Predates: You’ve long dreamt of being the ultimate predator and now you’re on your way to achieving that goal. Claws and teeth are just the beginning, thanks to advanced surgical techniques, body modifications, and 4D printing. Sure, everyone else can ride a dinosaur or fight a dinosaur…but you? You can become a dinosaur.
Walks with Dinosaurs: You’re not so sure about other humans, but you and dinosaurs are like this. You just get them—and they seem to get you. Through training, technology, and an uncanny understanding, you can get dinosaurs to do your bidding. Ask them to fight for you, forage for you, or just roar on command to entertain* your friends.
*scare the crap out of
Plays God: Sure, you’ve got all your eggs in one basket—but those eggs are going to grow up to be tiny T. Rexes and that basket is a test tube. Your knowledge of gene-splicing, cloning, animal husbandry, and other forms of creation is beyond compare. No one builds, breeds, or blueprints new species and creatures like you do.
Interested in Predation? Jump in on the Kickstarter here!
GROUPS IN PREDATION
There are a number of groups and organizations in Predation. Some work together. Others are at odds. And still others join forces in public, while they put darker, more insidious plans into action under the surface. Player characters can interact with these groups and organizations by becoming allies, foes, business partners, or even members.
Here are two of Predation’s more prominent groups:
The Cretaceous Period and the information thereon is the property of SPACE AND TIME, INT. and may only be used for the purpose for which it is supplied. Use of this time period, or the information thereon, in whole or in part, is strictly prohibited without the express digital permission of SPACE AND TIME, INT.
~CLAUSE C-786b of the Space and Time, Interglobal, Cretaceous travel contract
The largest and most established organization is Space and Time, Interglobal (SATI). Originally, SATI was an interglobal conglomerate that began sending bioengineers, paleontologists, and other specialists back to the Cretaceous period on top-secret scientific/business missions. In the hundred years since, SATI has evolved from a group of scientists and explorers into a more militarized organization.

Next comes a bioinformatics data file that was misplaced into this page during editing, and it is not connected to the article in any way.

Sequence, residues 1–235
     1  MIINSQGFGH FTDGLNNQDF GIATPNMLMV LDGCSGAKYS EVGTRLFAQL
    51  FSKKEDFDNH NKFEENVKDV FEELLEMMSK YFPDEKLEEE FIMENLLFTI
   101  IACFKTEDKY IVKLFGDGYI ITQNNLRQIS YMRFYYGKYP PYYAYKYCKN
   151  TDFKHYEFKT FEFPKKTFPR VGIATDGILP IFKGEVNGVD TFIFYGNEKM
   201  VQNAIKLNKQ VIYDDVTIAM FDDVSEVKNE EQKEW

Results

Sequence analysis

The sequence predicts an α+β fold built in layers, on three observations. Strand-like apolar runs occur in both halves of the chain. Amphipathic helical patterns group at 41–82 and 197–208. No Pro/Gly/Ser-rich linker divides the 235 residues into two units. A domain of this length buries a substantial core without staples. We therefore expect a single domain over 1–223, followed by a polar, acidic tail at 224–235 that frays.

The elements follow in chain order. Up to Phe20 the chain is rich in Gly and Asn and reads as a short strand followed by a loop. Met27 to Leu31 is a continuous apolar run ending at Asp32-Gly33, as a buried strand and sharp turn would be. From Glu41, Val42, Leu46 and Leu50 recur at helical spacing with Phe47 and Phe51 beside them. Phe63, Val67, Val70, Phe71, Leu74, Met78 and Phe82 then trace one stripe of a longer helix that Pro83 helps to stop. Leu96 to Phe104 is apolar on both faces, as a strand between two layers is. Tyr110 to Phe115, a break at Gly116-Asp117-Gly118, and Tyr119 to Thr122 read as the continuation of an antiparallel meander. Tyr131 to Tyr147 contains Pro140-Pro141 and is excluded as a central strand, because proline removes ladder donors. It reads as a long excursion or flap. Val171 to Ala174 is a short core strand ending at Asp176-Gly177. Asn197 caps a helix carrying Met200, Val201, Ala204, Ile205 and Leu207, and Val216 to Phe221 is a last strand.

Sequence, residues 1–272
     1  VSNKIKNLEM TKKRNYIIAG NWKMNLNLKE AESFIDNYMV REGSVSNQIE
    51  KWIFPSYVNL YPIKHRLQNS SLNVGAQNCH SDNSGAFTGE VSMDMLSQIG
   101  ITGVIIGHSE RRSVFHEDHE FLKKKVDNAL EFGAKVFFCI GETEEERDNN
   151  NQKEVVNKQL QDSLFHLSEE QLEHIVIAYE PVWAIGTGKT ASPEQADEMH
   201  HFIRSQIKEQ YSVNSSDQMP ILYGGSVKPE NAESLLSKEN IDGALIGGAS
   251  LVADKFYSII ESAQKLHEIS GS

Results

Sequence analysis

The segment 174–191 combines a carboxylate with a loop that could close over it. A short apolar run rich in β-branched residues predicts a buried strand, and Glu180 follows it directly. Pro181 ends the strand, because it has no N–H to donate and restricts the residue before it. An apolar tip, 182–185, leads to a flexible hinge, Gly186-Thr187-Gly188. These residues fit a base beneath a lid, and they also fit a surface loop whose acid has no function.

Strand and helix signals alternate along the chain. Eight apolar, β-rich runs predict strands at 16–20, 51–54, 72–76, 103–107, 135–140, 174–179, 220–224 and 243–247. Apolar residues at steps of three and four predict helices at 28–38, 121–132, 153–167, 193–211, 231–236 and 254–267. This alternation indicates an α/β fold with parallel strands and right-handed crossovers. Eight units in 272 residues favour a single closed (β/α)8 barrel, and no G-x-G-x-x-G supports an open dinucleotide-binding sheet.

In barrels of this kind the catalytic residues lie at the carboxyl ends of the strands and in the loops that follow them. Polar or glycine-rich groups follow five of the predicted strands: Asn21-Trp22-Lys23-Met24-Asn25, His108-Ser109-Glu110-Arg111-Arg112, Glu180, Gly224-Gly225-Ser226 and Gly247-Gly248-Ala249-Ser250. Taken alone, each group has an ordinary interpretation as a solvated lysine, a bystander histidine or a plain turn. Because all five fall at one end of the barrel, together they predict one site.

SATI continues to control the majority of the original time-travel operation bases—fortified underground bunkers filled with supplies, technology, laboratory equipment, and more that were set up by the early arrivals—but their hold is tenuous at best. Everyone, SATI or not, knows that whoever controls the bases also controls the supply flow—including any remaining time-travel technologies. As the asteroid draws near, attacks against the bases by groups like the Butterflies are growing more frequent and increasingly difficult to repel; the group spends much of its energy and resources keeping a tight hold on what it has, while still attempting to find a way back “home.”
Over time, many of the bases have become more self-governing and self-sufficient, a change that is also starting to threaten the larger structure of SATI. The capital base, SATI;0A (commonly called Soway) is attempting to bring the other bases back in line, but not everyone in this new generation shares the same beliefs, and it’s becoming harder for the organization to present a unified front.
In the flickering firelight, the Queen of the Butterflies bows her head. A book—hand-bound in red leather—lays open upon her palms. She wears gloves, black and thin, nearly threadbare. When she begins to read, the group gathered around her becomes silent. Not a scuff. Not a breath. If anticipation were a sound, it would be this utter stillness.
The Queen’s eyes are closed. The words come from memory, from repetition, from belief.
Out of chars and ashes, out of dust and coals, like golden salamanders, the old years, the green years, might leap; roses sweeten the air, white hair turn Irish-black, wrinkles vanish; all, everything fly back to seed, flee death, rush down to their beginnings, suns rise in western skies and set in glorious easts, moons eat themselves opposite to the custom, all and everything cupping one in another like Chinese boxes, rabbits into hats, all and everything returning to the fresh death, the seed death, the green death, to the time before the beginning. A touch of a hand might do it, the merest touch of a hand.
She pauses, closing the book slowly, two delicate red wings folding soft around a pale body.
“We are all the butterfly,” she says.
“Stay the path,” they answer.
Together, as they slip away into the darkness: “And listen, always, for the thunder.”
The Butterflies are a subversive, guerrilla group. They believe that humans shouldn’t try to fix the time machine technology, that they should die out in the upcoming cataclysmic event so they don’t screw up even more of the evolutionary time path. These beliefs are based on the ”bible” that the Queen’s grandmother brought back in time with her, a copy of Ray Bradbury’s short story, “A Sound of Thunder.”
As a general rule, Butterflies eschew technology, subsisting on what they can make, steal, or scavenge. They identify themselves by painting or carving an image of a butterfly on the bottoms of their boots. It’s rumored that their spies have infiltrated all levels of SATI, and if you look carefully, you can find their graffitied messages on cliff faces, large trees, and the backs of certain dinosaurs.
Interested in Predation? You can back the Kickstarter here.